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Dear Workforce How Can We Spice Up Orientation Sessions?

Our new-hire orientation sessions are somewhat dull. They last two to three hours, and impart lots of company information with a couple of videos to break up the lecturing. How we can spice up these sessions?
February 28, 2004
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Dear Jazzing:

Orientation programs are really the first opportunity to set the stage and create a smooth transition for new employees into the workforce. The session or sessions you run are a great opportunity to represent the organization's culture. This introduction should not be taken lightly. A good orientation can catapult a new employee to be extremely productive or deliver a sour note that makes an employee question his decision to join your firm.
Orientation programs can run from a few hours to several months, depending on what you want to accomplish during that time. There are a few things to consider:
1) How difficult is the learning curve for the new employee? How long will it take them to be considered fully productive in their work environment?
This is an important aspect, because if you plan to invest in building a more intensive orientation program, you'll need additional time and money. Also, if the sessions extend past their current timeframe, this may take employees away from their jobs, thereby reducing their productivity. You'll need to show how this investment will be worthwhile to the company. Perhaps you can show how you can shorten the learning curve and/or reduce downtime.
2) What special vernacular, terms, or nuances will they need to understand to become fully productive in their work environment?
It is important to remember that new employees may not understand how the organization works internally, such as who key people are in the company. Is there information only relevant to your company or their department that would be useful for them to understand prior to starting their job?
3) What special skills will they need in their new job that they may not have already?
Similarly to the terms and nuances, would it be helpful to have special skills for their new job? If you have people from different departments coming together for orientation, you may see a common theme in missing skills among the new employees. You could recommend a workshop or seminar to build this skill. In this way you are shortening the learning curve when they start their job.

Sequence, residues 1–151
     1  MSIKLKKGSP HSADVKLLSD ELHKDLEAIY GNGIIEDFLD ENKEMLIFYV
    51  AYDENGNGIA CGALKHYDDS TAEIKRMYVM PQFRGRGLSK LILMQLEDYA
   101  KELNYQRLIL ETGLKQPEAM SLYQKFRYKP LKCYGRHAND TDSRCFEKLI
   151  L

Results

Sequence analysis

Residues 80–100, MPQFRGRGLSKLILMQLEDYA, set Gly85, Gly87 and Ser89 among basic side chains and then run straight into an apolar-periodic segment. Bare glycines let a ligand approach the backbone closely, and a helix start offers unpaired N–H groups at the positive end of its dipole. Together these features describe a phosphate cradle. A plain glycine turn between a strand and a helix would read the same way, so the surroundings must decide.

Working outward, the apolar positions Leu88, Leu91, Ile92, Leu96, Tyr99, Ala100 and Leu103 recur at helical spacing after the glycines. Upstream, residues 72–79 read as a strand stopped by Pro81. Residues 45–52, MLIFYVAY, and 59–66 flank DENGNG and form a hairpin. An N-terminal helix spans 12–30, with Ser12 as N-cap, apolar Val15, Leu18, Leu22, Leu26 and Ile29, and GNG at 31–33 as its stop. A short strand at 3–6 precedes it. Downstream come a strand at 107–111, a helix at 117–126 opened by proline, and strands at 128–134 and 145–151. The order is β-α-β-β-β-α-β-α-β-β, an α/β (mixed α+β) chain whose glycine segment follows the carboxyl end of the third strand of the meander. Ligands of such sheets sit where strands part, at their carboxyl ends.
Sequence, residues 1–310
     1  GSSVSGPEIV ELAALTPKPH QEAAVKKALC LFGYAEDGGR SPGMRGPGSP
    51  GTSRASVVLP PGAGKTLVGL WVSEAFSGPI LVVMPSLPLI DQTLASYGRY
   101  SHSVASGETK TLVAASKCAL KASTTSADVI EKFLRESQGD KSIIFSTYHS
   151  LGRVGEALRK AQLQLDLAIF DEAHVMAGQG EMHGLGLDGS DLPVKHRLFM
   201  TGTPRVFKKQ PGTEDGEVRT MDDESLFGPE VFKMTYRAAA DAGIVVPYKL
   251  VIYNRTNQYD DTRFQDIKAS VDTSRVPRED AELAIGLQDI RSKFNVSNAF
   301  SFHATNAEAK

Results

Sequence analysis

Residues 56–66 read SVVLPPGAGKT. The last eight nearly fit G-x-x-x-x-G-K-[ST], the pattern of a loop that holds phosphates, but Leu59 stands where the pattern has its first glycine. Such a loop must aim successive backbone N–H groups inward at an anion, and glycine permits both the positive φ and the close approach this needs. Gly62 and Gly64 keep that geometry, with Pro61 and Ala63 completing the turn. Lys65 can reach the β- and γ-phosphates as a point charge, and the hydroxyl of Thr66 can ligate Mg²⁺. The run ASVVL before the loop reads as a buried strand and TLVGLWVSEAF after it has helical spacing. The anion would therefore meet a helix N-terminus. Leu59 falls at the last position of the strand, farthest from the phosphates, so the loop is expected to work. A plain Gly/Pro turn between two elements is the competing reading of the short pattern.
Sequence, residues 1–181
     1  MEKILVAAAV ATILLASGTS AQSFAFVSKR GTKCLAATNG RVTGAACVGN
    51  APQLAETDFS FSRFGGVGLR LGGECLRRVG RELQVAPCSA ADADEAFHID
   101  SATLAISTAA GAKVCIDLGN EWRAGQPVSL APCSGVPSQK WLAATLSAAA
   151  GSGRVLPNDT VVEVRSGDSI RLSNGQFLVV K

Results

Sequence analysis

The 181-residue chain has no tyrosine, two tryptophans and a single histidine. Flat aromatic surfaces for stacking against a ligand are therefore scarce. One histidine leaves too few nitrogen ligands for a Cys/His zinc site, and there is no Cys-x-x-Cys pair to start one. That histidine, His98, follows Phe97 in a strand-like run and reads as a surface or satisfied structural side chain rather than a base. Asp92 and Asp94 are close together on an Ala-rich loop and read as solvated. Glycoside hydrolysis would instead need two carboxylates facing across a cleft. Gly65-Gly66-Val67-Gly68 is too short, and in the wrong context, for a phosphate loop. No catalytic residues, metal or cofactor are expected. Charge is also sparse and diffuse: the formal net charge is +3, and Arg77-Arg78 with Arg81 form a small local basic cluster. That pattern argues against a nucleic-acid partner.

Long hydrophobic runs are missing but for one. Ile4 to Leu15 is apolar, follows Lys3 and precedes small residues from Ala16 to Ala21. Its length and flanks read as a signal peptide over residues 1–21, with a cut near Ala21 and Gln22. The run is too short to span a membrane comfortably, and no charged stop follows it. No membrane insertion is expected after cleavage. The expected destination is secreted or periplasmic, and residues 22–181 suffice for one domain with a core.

For ideas, I would survey employees who have been with the organization for three to six months to see what they think. You'll get a lot of insight from them. Secondly, I would talk to the managers you support. Find out what would be useful to them when they receive new employees. Lastly, get away from having orientation as a transactional event. Perhaps you can have the employees complete the majority of the necessary paperwork prior to the actual orientation. That way, you can lessen the boring stuff.
Overall, you should consider orientation as an ongoing experience instead of a one-time deal. By working with your managers, you could develop a program that not only starts new employees off on the right foot with the basics, but continues on through their first six months, ensuring that they are as productive as possible--thereby reducing downtime, reducing costs, and potentially increasing revenue for your company.
SOURCE: Don Gaile, principal, DMG Consulting Co., New York City, New York, March 27, 2003.
The information contained in this article is intended to provide useful information on the topic covered, but should not be construed as legal advice or a legal opinion. Also remember that state laws may differ from the federal law.
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 The information contained in this article is intended to provide useful information on the topic covered, but should not be construed as legal advice or a legal opinion. Also remember that state laws may differ from the federal law.

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